Increased UV from ozone depletion sterilizes trees
UC Berkeley paleobotanists put dwarf, bonsai pine trees in growth chambers and subjected them to up to 13 times the UV-B radiation Earth experiences today, simulating conditions that likely existed 252 million years ago during the planet's worst mass extinction.
Ozone at lower latitudes is not recovering, despite Antarctic ozone hole healing
The ozone layer -- which protects us from harmful ultraviolet radiation -- is recovering at the poles, but unexpected decreases in part of the atmosphere may be preventing recovery at lower latitudes.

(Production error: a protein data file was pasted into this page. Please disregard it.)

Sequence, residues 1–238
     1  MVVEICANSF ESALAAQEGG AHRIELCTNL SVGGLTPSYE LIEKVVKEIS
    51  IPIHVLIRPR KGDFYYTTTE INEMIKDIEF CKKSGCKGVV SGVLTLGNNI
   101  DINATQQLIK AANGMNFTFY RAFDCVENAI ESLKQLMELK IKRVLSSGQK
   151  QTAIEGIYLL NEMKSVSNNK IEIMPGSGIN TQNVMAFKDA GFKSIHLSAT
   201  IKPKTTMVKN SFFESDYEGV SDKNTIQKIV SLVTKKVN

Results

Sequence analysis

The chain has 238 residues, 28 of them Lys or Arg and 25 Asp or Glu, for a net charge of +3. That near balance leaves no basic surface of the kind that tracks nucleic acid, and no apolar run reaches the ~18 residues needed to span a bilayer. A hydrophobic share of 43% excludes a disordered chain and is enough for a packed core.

More Ozone News and Ozone Current Events

Trending Science News

Current Coronavirus (COVID-19) News

Top Science Podcasts

We have hand picked the top science podcasts of 2020.
Now Playing: TED Radio Hour

Listen Again: The Power Of Spaces
How do spaces shape the human experience? In what ways do our rooms, homes, and buildings give us meaning and purpose? This hour, TED speakers explore the power of the spaces we make and inhabit. Guests include architect Michael Murphy, musician David Byrne, artist Es Devlin, and architect Siamak Hariri.
Now Playing: Science for the People

#576 Science Communication in Creative Places